Despite Cell Phone Bans, Distracted Driving Could Increase Due to Smartwatches
Apple recently announced the new iPhone 6, as well as the Apple Watch, the latest in a growing market of smartwatches. The new iPhones feature larger screens so websites and media can be seen more clearly, and smartwatches like the Apple Watch hook into phones, allowing the user to quickly read emails, text messages, and social media chats.
However, smartwatches could add to the distracted driving problem, which is one of the leading causes of car crashes and car accident deaths in the US. Although drivers do not need to use their phones to view these messages, they still must take their eyes off the road for a split second, and that could lead to a serious accident.
Some smartwatches, such as the Pebble, do not allow wearers to respond to messages. However, the Apple Watch allows users to draw messages in response, and also use a “walkie talkie” feature to hold a conversation.
“The actual offense of distracted driving speaks specifically to holding a handheld device,” OPP Sgt. Kerry Schmidt in Ontario, Canada. “Because it’s not necessarily being hand held, by definition it would probably be a tough thing to proceed on.”
According to statistics from the National Highway Traffic Safety Administration (NHTSA), in 2012, 421,000 people were injured in car accidents involving a distracted driver; 3,300 of those people died from their injuries. Research from the University of Buffalo suggests that as much as 10% of pedestrian visits to the emergency room are caused by distracted drivers. The Department of Transportation estimates that, despite multiple reports of how deadly distracted driving can be, as many as 660,000 Americans are on their phones in some form while driving, every single day.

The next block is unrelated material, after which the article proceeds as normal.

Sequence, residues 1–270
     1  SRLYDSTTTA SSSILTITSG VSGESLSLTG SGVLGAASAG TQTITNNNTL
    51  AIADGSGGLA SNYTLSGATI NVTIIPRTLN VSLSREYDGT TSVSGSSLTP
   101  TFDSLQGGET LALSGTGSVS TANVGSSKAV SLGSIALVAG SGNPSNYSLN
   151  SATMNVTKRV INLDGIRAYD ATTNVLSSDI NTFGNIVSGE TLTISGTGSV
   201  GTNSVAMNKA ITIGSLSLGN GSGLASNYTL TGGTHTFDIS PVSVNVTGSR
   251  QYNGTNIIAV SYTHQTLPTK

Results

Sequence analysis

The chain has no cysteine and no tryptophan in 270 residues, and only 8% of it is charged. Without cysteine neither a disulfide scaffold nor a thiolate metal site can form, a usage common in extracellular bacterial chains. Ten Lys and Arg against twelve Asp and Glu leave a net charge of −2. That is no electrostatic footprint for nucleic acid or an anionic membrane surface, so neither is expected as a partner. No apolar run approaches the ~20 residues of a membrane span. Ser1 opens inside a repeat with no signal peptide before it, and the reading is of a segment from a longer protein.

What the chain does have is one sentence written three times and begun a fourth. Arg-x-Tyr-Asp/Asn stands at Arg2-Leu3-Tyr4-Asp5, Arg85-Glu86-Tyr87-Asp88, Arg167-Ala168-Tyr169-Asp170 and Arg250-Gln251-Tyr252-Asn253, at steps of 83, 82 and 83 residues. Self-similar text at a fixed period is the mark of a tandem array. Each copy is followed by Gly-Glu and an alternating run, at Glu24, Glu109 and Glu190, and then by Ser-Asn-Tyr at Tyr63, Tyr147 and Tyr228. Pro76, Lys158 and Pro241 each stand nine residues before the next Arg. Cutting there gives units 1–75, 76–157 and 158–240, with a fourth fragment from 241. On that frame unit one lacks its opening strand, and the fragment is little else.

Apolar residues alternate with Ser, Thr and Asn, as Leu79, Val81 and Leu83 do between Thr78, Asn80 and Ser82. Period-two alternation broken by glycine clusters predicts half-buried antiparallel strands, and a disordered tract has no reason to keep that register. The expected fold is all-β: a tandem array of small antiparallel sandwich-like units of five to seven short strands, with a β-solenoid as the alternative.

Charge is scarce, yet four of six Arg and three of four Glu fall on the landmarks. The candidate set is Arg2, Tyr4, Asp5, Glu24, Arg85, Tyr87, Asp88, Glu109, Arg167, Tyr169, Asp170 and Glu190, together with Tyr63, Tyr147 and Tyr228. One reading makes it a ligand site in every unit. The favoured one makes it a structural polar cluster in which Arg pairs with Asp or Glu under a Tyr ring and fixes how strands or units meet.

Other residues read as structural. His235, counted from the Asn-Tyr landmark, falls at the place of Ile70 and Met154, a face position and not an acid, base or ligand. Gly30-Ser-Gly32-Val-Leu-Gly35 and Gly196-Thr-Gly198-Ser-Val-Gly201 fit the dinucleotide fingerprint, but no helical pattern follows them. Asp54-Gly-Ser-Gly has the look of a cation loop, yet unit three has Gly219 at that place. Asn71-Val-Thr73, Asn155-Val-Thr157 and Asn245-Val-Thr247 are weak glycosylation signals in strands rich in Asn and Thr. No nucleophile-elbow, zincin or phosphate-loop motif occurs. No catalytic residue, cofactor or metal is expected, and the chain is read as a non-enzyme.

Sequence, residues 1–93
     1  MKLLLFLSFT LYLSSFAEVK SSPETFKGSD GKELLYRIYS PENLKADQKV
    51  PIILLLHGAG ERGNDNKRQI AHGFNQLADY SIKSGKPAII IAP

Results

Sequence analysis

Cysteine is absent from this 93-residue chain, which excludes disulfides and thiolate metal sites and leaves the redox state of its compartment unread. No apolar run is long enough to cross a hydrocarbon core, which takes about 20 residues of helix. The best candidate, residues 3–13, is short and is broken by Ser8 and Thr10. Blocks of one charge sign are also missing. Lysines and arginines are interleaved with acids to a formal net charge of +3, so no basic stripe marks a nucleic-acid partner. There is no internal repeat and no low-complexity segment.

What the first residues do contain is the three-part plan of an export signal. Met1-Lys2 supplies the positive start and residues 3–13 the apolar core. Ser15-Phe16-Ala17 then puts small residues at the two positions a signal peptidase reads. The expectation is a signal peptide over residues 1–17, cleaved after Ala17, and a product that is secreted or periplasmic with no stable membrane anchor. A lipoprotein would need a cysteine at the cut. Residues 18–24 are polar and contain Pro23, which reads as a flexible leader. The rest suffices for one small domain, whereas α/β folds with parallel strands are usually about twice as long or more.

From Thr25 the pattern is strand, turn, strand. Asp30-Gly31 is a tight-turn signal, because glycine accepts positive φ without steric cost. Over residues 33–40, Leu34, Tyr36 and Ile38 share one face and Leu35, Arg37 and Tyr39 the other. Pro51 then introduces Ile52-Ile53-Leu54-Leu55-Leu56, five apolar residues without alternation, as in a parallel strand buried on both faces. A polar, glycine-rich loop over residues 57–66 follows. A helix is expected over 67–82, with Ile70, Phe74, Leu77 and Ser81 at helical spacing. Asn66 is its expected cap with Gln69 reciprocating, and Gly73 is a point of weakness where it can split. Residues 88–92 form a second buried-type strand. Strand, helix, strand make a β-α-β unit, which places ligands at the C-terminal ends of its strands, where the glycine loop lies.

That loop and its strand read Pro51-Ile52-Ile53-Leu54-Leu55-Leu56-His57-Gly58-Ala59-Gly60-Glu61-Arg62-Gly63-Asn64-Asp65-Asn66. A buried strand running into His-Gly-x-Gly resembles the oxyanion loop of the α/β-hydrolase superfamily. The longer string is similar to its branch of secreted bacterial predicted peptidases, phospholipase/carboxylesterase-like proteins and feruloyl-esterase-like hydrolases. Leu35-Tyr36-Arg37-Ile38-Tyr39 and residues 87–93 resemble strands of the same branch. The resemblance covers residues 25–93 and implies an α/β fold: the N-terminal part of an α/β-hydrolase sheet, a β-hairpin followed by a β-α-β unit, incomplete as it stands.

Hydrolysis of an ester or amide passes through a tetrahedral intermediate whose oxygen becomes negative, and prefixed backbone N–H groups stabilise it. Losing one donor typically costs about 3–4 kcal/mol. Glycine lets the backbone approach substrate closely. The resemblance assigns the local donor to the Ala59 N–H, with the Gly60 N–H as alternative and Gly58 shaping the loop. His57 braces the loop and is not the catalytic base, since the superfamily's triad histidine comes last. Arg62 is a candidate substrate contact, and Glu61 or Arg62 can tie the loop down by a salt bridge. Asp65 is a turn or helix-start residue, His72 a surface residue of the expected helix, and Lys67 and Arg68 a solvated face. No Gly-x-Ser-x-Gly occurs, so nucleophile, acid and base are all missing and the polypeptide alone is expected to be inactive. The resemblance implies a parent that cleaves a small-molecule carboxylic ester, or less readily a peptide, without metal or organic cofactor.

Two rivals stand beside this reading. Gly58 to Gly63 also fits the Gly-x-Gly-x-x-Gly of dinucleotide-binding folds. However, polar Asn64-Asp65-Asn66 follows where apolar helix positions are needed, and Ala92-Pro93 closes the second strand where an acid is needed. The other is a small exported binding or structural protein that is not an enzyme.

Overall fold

“If I’m reading a text off my device, I’m not engaged in driving,” Patterson said. “Our position would be, as with the distracted issues, is how it interacts with the driver and does it meet those fundamental distraction issues. Simply calling it a watch I’m not sure completely removes it from the legislation.”
In June of this year, South Carolina became the 45th state to pass texting and driving legislation, but like many states, does not ban some other uses of cell phones in vehicles, such as typing or using GPS. These uses can still create a distracted driving situation, and San Antonio lawmaker Rep. Mike Gallagher has proposed a ban on any cell phone use in the city while driving.
“The main thing has to do with hand-held devices. In other words, if you’re driving down the road, if you can talk to somebody without using hand-held devices you’re fine, but it’s those people that are holding something in their hands,” said Gallagher.
“Remember, driving is not a right, it is a privilege,” Gallagher said. “We owe it to other drivers on the road and ourselves to operate a vehicle in the safest manner.”
The Strom Law Firm Helps Those Injured by Distracted Drivers
If you have been injured by a distracted driver, the South Carolina distracted driving accident attorneys at the Strom Law Firm, L.L.C. will fight for fair compensation for your injuries. Our South Carolina car accident lawyers are prepared to fight for compensation in the courtroom and will defend your right to compensation for your past and future medical bills, lost wages and future earnings, your pain and suffering, and, in the event of a fatal car accident, even wrongful death. Our attorneys offer free, confidential consultations to discuss the facts of your personal injury case for distracted driving, so contact us today. 803.252.4800.